Those extra import duties are intended to offset unfair trade, and there’s little doubt that Chinese exports are unfair. Thus, it makes sense to impose anti‐dumping and countervailing duties on imports of steel, right?
Not so fast. American steel producers are seeking import restrictions to raise their revenues. But they have been so successful with this strategy that the effective level of steel import protection today is higher than at any time since the Smoot‐Hawley Tariff Act of 1930 was being unwound. The United States has become, in essence, a high‐priced island in an ocean of low‐priced steel.
The problem is that an increase in revenues for steel mills means an increase in costs for the many companies that use steel as an input. More than half of all imports are used as inputs by manufacturers; restricting imports is going to hurt companies that depend on them. Even a relatively modest increase in U.S. manufacturing costs can make American companies uncompetitive against their foreign rivals. Carrier is hardly the only steel‐consuming company that could trim its costs by moving production to Mexico.
From the standpoint of the U.S. economy, anti‐dumping and countervailing duty measures don’t produce a balanced outcome in which gains to steel mills are offset neatly by losses to steel users. The reason has to do with the relative sizes of the two sectors.
Data made available by the Department of Commerce’s Bureau of Economic Analysis indicate that value added to the economy by iron and steel mills amounted to $36 billion in 2015. Manufacturers that utilize steel as an input generated value added of $1.04 trillion, almost 29 times larger.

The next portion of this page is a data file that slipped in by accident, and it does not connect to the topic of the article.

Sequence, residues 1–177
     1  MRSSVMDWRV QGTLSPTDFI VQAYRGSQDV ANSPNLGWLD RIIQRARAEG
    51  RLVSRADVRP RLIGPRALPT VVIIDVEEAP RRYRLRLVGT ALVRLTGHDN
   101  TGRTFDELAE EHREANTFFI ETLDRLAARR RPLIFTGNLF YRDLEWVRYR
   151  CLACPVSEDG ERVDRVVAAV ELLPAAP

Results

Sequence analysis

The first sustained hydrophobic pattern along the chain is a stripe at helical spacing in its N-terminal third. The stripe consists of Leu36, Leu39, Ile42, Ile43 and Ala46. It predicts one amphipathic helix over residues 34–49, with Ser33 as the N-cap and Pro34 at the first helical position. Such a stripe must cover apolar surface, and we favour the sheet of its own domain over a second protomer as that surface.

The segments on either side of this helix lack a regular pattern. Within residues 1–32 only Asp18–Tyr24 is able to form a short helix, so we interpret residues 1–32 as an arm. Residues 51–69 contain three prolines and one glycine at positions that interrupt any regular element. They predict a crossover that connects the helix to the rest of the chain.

The disparity in employment is even greater. Iron and steel mills employed140,000 workers in 2015, but manufacturers utilizing steel as an input employed 6.5 million, or 46 times more. The difference in size of the sectors means that it would take a loss of only 2 percent in the number of jobs at steel‐consuming industries to equal the entire workforce of U.S. steel mills.
Steel production clearly is no small and insignificant industry, but it is a poor policy choice to attempt to protect steel mills in ways that do much greater harm to the substantially larger steel‐using sector. This amounts to multiplying the unfairness and shifting it from one sector to another.
Ross knows a lot about steel. In the early 2000s, at a time of widespread industry bankruptcies, he bought Bethlehem Steel, Weirton Steel and LTV Steel to create International Steel Group (ISG). He later sold ISG to Arcelor‐Mittal. ISG appears to have benefited from steel import restrictions, so Ross knows that protection can be convenient for U.S. firms.
However, he also has owned multinational businesses, including International Automotive Components Group (IAC), with 20 facilities in nine countries. Thus, he no doubt understands the importance of maintaining global supply chains to serve customers around the world.
These experiences make Ross uniquely qualified to guide a reform of anti‐dumping and countervailing duty policies so that they no longer inadvertently damage the U.S. economy. As a leader on trade in the Trump administration, Ross will be in a position to dismantle steel import restrictions that currently are harming the broad manufacturing sector.
He also would have the option of pursuing governmental assistance for the steel industry as it adjusts to open borders. Finally, Ross should push for a change in the law so that future anti‐dumping and countervailing measures only could be imposed when economic analysis shows that benefits would outweigh the costs.
By implementing these reforms, Wilbur Ross would bring about a genuine turnaround in U.S. trade policies. He would fulfill Commerce’s mission by strengthening the economy while also maximizing employment opportunities in manufacturing. His actions have the potential to transform the department so it no longer serves as a drag on business activity, but instead helps the sector to be globally competitive.